Cultural action = political action! Press cuttings about the occupation, the sentencing of Hugo Claus and the murder of Bobby Kennedy.
RADAR

“You've got the box but we've got the matches”

Anectode from the C4 collective

Un manifeste sur les murs de l'enseignement
8 lignes qui ont ébranlé l'école
Une exclusion par son tribunal
Appliquant des lois fascistes
La riposte par une boîte d'allumettes
Qui signifiait le feu.
Puis le cinéma pour le rendre culte
Un film dans l'air du temps
Confirmé ensuite par Mai 68.
Un scénario pertinent
Une parabole
Une réalisation collective
Envers et contre tous.
Mais aujourd'hui?
D'autres chantent
Allumez le feu
Pour cramer des quartiers
Sans aucune autre idée.
Héros des barricades souvent joyeux
Mimant la révolution permanente visant l'utopie
Alors que les héros des meurtres de masse d'aujourd'hui
Avec leurs voitures béliers
Ne visent que le paradis du néant.

– Richard Kalisz (mai 2018)

During the 1966-67 school year, three students from the INSAS (l’Institut national supérieur des arts du spectacle et des techniques de diffusion, founded in Brussels in 1962) posted a text of a few lines of situationist inspiration attacking showbiz society on the noticeboard of the school. Heard by a court made up of members of the teaching body immediately gathered by the management, Richard Kalisz (assiduous reader of Guy Debord’s texts), Jean-Paul Tréfois (a follower of Belgian surrealism), and Dimitri Dimitriadis (renowned Greek author), were expelled from the establishment for impertinence, answering back and excessive language. The class came out in solidarity with them, protested, demonstrated. The three students sent send Raymond Ravar, director of the school, an empty matchbox, accompanied by the text: “You’ve got the box but we’ve got the matches”, leading to the fear that a fire would break out. Those who signed “the conspirators” would not be allowed to return to the school but would provide their fellow students who remained on the benches of the INSAS with the screenplay for Collectif C4, a collective film which would constitute the following year’s end of year project.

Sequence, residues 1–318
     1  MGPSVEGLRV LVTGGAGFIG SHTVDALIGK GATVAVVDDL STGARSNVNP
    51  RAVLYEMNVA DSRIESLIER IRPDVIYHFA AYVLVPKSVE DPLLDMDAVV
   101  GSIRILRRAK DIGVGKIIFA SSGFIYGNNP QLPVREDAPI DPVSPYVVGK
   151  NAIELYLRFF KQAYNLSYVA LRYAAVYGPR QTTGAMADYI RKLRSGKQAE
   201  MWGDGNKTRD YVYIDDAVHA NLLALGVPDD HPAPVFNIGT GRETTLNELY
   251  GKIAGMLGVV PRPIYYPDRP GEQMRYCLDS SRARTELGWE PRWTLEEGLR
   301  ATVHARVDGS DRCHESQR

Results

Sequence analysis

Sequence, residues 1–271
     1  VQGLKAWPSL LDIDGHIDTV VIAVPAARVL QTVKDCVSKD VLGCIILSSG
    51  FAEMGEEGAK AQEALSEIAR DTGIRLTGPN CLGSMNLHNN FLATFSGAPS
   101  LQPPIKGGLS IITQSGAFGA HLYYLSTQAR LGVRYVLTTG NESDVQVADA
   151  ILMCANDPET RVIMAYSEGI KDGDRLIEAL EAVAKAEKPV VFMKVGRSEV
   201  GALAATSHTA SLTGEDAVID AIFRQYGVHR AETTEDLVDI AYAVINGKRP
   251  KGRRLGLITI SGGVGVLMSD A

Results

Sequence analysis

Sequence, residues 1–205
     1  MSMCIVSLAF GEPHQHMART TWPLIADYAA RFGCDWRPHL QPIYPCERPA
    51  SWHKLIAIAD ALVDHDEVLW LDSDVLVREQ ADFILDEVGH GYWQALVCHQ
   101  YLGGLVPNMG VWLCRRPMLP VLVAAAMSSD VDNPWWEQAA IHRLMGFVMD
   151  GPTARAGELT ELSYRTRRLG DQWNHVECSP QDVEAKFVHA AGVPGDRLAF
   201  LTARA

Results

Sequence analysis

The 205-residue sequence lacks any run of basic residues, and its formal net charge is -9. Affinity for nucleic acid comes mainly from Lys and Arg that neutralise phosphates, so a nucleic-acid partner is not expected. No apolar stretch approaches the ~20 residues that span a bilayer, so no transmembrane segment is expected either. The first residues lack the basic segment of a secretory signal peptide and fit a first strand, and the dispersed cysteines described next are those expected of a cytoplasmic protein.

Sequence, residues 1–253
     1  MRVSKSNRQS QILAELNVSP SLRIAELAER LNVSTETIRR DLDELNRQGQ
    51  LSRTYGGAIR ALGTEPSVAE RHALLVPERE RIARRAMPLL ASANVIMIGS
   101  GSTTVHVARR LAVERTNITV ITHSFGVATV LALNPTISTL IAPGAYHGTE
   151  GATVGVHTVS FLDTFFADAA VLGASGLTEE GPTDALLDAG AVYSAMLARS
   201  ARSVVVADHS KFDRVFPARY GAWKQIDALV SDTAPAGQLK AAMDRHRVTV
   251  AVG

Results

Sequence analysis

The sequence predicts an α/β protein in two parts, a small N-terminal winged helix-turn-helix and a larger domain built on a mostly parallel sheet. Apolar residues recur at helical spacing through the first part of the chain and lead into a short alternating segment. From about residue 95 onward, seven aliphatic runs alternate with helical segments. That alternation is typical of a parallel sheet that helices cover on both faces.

“This film, made between October 1967 and March 1968 has two important particularities”, wrote Annie Goldmann, who, in her capacity as teacher at INSAS closely followed the group’s project: “First and foremost it’s a group creation, which means it’s not a series of individual sketches brought together under a common title, as is usually the case, but a work in which the role of each participant, be it in relation to the preparation of the script, editing or directing, is impossible to determine, because everything was done as a collective. What’s more, it’s a work of fiction which stages the actual problems the directors were faced with, and it’s surprising to see, just a few months before May 1968, to what extent the problems which would come to light existed in a latent state in the student milieu, both in intellectual terms and in relation to the form the action took. We can already see a break with the traditional educational system, the refusal to fit in with society, the hardening in relation to any attempt at recovery, followed by the violence, solitude and failure... In our opinion, the conditions in which it was made and the testimony it bore to the revolt seen from the inside make for an exceptional document …” (Annie Goldmann, Cinéma et Société Moderne, Éditions Anthro­pos, Paris, 1971).